By Elizabeth Maher, ACS April 5, 2013
FORT JACKSON, S.C. -- One of the most important things a person can learn in life is how to manage expectations and roll with setbacks.
An expectation is an anticipation of what will happen. It is a belief that is centered on the future. It may or may or may not be realistic and, if it isn't, it can lead to disappointment. The ability to bounce back from challenges and to remain positive and resilient is dependent upon the ability to manage expectations.
How can a person manage his or her expectations and stay resilient while the Army is downsizing, the country is in sequestration and Army civilians are facing furloughs? By educating and empowering oneself with knowledge.
Like preventive medicine, a booster shot of information and planning will go a long way toward preventing an emotional emergency. Understanding the difference between Army benefits and entitlements is one step toward minimizing disappointments and remaining optimistic. A benefit is an incentive, like, for example, child care centers, recreational facilities and the commissary.
Benefits are typically provided by the Army for retention or to enhance quality of life. A benefit may change or not be available at all. An entitlement, on the other hand, is something a person has the right to receive. It's authorized by law; for example, military pay.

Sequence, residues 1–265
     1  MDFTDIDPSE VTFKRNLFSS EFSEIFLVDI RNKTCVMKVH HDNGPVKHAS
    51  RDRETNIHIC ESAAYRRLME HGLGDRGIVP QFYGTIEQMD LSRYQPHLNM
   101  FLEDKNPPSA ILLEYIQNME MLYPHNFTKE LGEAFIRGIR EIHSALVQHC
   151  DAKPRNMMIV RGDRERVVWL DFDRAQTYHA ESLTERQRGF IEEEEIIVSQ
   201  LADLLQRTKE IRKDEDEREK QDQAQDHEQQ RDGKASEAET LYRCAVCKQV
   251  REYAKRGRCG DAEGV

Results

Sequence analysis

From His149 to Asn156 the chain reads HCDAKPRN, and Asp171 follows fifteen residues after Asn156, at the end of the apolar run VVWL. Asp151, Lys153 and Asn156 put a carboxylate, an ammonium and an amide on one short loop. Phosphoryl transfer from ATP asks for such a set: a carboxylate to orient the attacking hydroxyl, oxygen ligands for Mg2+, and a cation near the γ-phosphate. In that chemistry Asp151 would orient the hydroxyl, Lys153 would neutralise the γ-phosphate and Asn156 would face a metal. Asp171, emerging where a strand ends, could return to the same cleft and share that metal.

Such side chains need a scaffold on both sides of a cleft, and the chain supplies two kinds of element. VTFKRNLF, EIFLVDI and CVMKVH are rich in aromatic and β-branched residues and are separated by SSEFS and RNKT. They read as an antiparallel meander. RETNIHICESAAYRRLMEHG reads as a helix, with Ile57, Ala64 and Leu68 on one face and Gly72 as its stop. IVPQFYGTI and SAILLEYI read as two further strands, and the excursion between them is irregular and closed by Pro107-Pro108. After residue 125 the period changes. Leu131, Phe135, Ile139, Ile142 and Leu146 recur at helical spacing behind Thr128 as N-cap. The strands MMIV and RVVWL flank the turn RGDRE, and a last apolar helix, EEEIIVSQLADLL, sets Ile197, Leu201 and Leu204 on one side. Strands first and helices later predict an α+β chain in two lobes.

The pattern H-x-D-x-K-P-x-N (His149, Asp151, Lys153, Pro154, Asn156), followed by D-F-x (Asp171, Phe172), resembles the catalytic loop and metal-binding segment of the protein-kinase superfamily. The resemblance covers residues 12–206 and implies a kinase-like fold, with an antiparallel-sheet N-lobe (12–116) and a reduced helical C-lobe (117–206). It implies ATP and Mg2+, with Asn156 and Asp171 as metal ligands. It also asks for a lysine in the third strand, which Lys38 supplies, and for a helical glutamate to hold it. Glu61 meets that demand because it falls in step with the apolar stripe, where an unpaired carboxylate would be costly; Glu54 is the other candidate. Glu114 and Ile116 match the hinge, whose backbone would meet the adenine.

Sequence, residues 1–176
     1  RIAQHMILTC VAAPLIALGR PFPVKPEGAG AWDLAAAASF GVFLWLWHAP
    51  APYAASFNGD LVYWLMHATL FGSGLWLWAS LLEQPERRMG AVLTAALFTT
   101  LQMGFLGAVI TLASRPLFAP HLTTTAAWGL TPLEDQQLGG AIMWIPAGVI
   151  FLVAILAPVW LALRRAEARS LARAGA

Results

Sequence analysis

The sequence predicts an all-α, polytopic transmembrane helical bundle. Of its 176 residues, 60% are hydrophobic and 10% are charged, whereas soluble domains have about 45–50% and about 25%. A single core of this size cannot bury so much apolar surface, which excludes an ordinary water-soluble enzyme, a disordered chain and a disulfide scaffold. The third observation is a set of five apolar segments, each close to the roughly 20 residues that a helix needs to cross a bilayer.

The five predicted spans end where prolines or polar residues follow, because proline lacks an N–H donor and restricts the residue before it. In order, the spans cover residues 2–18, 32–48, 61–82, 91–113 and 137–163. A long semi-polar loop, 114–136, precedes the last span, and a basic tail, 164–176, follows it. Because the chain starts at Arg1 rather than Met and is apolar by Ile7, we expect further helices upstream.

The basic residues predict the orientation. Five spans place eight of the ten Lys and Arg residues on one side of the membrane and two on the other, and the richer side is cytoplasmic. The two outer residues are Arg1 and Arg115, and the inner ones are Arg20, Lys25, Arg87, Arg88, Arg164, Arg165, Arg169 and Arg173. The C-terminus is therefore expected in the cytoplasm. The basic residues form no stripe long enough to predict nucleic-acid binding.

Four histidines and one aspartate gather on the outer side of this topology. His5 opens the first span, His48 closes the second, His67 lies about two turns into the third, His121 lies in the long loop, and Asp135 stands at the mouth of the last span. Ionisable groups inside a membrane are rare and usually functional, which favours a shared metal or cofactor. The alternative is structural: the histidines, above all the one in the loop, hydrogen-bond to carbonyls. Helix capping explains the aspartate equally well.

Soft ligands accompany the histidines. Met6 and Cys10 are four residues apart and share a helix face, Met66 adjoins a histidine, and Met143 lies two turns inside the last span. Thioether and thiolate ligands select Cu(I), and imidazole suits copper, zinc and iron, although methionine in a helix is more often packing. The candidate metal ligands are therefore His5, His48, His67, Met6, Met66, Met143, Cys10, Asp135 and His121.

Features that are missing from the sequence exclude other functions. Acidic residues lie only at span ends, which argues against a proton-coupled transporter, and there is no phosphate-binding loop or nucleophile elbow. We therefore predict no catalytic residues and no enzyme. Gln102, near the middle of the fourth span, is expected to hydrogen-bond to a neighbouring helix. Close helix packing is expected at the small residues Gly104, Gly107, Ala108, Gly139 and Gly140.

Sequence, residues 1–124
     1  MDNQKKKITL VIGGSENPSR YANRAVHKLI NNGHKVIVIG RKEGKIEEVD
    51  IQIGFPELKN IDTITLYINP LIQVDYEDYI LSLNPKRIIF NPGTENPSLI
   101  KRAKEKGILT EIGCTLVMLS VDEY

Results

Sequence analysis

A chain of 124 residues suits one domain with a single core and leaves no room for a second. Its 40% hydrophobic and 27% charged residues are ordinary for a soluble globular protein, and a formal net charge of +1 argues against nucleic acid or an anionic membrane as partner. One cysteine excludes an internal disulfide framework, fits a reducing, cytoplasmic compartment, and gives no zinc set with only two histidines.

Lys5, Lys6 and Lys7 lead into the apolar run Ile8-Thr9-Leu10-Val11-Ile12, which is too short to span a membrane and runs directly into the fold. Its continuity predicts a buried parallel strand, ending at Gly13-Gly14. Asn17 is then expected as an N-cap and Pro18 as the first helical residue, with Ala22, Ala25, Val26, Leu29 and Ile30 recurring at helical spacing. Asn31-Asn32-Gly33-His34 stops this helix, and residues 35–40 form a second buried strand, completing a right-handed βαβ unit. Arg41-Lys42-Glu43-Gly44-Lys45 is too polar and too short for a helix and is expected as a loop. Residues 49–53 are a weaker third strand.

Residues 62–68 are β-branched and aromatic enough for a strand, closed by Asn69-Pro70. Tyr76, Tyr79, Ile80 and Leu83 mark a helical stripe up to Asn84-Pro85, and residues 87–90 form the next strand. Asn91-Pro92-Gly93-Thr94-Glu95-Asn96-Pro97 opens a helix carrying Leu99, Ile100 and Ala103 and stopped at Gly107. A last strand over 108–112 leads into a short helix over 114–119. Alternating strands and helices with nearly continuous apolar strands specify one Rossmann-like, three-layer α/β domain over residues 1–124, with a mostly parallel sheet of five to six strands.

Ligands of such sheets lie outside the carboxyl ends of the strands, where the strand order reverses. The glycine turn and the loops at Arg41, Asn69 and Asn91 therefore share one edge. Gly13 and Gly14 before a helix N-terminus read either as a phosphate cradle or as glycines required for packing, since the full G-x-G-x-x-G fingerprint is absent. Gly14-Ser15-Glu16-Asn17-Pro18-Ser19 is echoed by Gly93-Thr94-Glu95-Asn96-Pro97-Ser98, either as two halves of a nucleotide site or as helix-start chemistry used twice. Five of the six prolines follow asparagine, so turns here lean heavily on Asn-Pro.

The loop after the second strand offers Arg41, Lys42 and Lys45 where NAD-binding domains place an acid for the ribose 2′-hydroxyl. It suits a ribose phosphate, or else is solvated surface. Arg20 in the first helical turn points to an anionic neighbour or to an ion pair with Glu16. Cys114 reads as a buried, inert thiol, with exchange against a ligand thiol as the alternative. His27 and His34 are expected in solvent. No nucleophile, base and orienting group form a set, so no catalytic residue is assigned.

What happens when a benefit that we all are accustomed to is no longer available? Or when a service provider is closed because of a furlough? It would be easy for someone to get anxious, fed up or even depressed. However, this is an opportune time to put resilience into practice.
Resilient people are able to find positive ways to deal with their issues and, as a result, are less affected by change. Resilience is a skill that can be learned. It is an active, problem-solving approach to life. How can Army Community Service assist the Fort Jackson community in remaining resilient during difficult economic times? Several resources are available.
Resiliency classes are offered to equip Army families with positive coping skills. Financial counselors are available to teach creative ways to "stretch a dollar" and reduce debt. Army Family Team Building classes are offered for Army knowledge and empowerment, including a thorough explanation of benefits and entitlements.
These are just a few of the services ACS provides.
For more information about any of these services, visit www.fortjacksonmwr.com/acs or call 751-5256.